Sure, it might be phrased like: WITH THIS MONEY YOU WILL HAVE FINANCIAL FREEDOM TO LIVE THE LIFE OF YOUR DREAMS.
(Read: Taking selfies from the beach while your business makes eleventy billion dollars without you.)
But often, the richest people I meet in the space are the least free, and the most burned out.
Their overhead is high (at the end of the day, they might be taking home even less than a non 6-figure earner), they’ve got multiple team members to wrangle, and they’re often on the road.
That dreamy-looking sabbatical they took?
It’s because their health was so bad they literally needed to physically remove themselves from their work and desks to recover.
I know in my case, my first 6-figure year (and the next couple, let’s be real) came about because I was working my absolute hardest, constantly, all the time.
Did raising my prices help with this somewhat? Absolutely — and it happened at about the right time, if not a little late.
But raising my prices also didn’t stop the incessant drive in the back of my mind to take the next project, fill your plate, project is money, money makes 6-figures, 6-figures is success that this side effect of pricing culture had sparked in my brain.
Even when I was charging more, the real work was teaching myself to work less.
All this to say: There are more ways to measure success than sales numbers.
I’m not here to tell you to go broke on a beach somewhere.
But what I will tell you is that it’s possible to still have an extraordinary, happy, free life and business outside the confines of 6-figures with some basic financial planning.
For some, sales numbers paint the picture of how well they’re doing.
For others, life does.
And what pricing culture often causes us to forget is that you get to choose.
Issue #4: “Charge what you’re worth” pricing culture often dismisses the case for intentionally climbing the ladder
I’ve been slow to raise my rates over the last 8 years — a reality that’s earned me criticism (and sometimes teasing) from my colleagues, even though I hit my first six figures in 2015.
But you know what? It’s worked pretty damn well for me.
My aforementioned workaholism aside — projects have always come in the door and food has always been on the table, because my pricing was based on what I knew myself to be capable of .
This gave me confidence on sales calls, and built a stream of clientele with absolute trust that I can do what I say I’m going to do, which keeps them coming back again and again, even as my prices climb.
It also serves to mention that over the course of my 8-year career, I have had maybe 3 dissatisfied clients total— and I’m pretty proud of that.
My approach to pricing has always been to look at the value I know I can bring, and the work I know I can provide, and go from there.
I charged low when I was new and still learning because… I was new and still learning. Higher rates would’ve paralyzed me.
When I thought I could do more, I charged more.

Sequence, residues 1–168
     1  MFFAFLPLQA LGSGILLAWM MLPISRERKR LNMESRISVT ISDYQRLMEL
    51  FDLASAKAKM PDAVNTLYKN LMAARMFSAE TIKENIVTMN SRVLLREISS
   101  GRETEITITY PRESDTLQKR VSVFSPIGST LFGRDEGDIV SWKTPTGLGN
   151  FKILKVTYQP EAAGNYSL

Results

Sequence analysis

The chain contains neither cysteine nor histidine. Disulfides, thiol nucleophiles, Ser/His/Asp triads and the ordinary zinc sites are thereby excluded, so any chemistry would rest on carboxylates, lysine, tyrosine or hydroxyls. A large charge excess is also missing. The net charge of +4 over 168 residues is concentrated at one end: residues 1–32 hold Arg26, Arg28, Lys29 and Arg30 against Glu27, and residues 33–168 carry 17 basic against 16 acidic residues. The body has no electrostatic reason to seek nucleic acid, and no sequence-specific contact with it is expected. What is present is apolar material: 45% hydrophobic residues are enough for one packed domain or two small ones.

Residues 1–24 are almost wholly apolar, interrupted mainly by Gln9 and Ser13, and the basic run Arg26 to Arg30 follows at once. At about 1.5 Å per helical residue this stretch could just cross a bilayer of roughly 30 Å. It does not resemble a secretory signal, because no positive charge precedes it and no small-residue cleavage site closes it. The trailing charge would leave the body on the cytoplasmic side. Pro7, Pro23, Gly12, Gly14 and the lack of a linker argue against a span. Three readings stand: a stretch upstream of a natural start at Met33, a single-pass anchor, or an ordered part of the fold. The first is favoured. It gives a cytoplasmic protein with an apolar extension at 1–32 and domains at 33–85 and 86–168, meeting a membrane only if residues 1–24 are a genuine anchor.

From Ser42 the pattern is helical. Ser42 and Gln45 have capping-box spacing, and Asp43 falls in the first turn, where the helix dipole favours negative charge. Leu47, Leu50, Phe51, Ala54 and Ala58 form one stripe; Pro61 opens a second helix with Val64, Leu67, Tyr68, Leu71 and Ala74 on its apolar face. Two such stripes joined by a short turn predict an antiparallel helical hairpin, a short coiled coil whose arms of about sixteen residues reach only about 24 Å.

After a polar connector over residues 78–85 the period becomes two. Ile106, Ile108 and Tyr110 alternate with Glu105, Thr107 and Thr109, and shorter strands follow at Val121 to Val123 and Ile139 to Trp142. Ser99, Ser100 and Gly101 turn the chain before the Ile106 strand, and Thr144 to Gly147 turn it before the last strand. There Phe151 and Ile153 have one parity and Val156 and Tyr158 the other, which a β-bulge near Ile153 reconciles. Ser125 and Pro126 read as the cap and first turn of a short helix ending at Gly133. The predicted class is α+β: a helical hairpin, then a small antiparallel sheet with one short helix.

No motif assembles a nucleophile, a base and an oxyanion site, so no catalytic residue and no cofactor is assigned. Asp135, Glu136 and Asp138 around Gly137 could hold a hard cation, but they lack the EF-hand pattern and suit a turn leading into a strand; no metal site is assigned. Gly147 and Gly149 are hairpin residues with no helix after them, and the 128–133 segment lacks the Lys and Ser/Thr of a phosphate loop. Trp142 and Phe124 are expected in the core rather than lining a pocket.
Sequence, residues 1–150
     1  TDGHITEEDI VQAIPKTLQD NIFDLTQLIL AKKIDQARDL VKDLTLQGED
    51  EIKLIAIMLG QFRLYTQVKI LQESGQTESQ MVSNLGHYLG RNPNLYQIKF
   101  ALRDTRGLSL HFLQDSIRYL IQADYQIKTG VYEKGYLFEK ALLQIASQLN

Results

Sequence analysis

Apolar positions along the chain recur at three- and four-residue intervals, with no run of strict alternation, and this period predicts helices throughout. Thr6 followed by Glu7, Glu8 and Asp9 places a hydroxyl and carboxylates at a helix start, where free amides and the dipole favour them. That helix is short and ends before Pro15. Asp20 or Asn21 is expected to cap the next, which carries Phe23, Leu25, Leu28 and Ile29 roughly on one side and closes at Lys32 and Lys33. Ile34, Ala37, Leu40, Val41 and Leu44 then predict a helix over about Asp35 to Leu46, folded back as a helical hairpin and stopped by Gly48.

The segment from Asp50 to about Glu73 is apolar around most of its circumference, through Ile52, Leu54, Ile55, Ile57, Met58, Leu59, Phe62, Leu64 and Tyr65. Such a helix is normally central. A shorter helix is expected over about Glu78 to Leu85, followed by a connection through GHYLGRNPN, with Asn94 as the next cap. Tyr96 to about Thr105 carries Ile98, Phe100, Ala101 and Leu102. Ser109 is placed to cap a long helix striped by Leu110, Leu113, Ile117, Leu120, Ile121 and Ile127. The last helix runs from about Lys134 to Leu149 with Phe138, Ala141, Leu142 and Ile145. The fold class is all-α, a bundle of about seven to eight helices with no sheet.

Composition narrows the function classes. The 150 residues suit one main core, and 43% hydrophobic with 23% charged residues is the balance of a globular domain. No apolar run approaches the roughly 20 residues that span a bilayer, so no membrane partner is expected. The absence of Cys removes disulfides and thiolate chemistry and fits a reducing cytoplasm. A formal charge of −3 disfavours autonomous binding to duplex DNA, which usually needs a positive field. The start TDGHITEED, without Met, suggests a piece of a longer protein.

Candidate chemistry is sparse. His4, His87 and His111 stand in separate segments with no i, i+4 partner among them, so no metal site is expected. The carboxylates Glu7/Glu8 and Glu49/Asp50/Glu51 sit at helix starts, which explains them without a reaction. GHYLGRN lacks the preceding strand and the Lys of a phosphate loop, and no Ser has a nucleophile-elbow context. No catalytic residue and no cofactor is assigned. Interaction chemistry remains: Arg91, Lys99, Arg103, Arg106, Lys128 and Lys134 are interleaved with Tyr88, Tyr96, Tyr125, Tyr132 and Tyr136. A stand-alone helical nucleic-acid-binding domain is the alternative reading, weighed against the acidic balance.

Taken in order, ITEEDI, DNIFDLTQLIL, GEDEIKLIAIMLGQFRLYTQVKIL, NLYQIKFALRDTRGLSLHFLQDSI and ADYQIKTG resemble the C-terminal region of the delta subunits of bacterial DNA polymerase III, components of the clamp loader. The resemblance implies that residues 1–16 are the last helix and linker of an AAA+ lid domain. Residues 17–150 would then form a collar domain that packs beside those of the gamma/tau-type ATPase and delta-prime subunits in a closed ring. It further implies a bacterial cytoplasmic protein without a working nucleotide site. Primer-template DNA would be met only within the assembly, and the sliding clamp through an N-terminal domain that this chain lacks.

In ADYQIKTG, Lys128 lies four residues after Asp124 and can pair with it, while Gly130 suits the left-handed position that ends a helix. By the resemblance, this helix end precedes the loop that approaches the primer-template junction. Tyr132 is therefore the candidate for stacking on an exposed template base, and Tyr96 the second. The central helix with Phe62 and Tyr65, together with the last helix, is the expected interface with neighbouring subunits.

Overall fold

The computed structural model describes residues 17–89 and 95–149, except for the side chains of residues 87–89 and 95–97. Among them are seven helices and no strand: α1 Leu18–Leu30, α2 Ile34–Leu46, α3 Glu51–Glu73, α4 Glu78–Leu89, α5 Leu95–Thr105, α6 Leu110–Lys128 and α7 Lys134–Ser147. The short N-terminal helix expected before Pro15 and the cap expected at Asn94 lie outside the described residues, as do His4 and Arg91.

And leaving that reality out of the conversation is where many people (newbies especially) get hurt.
Intentionally or not, arbitrarily suggesting newer pros “double their rates ASAP” or “start at a minimum $XXX” implies that if they do not do these things, they are dumb, lazy, broke, and will be left behind.
This shoves greener professionals steadily climbing the pricing ladder into a box they don’t deserve to be in.
This is especially where pricing culture can actually cause more problems than it solves.
Because on one hand, I get it. It’s hard to be new. It’s hard to work for $25/hr, even $50/hr.
It’s way sexier to jump straight into charging hundreds per hour… but as I mentioned above, you’ve gotta consider what your market will pay for your level of experience.
It’s not “scarcity mentality” to charge lower rates while you’re still new, move with what your current market commands, and work your way up.
Issue #5: Pricing culture popularizes the “me vs. the dumb client” mindset
How many times have you seen a colleague dismiss a client who can’t afford a certain rate as being “cheap” or out of integrity.
It shows up everywhere, helped along by “GOT ‘EM!” screenshots of low-balling clients being “put in their place” by sassy freelancers — often for simply stating their budget with no real education around what things cost in the industry.
However, while I get the schadenfreude and I’ve laughed at a lot of this stuff in the past, it’s created a fetishization of insulting people who can’t afford us.
Businesses exist to turn a profit. Why are we mocking people for trying to be responsible with their numbers?!
And before someone comes at me with the “but low-ballers” comments, I get it. I’ve lived it. I’ve had clients so cheap I . once got paid via what must’ve been a regifted iTunes gift certificate… from Canada, which made it unusable here in the US.
Are there clients who are absolute jerks and will berate a creative pro for charging too much?
Absolutely. And those people deserve to be dunked on.
But for most clients, they’re trying to figure out what they can reasonably afford. It’s our job to show them why the investment is worthwhile.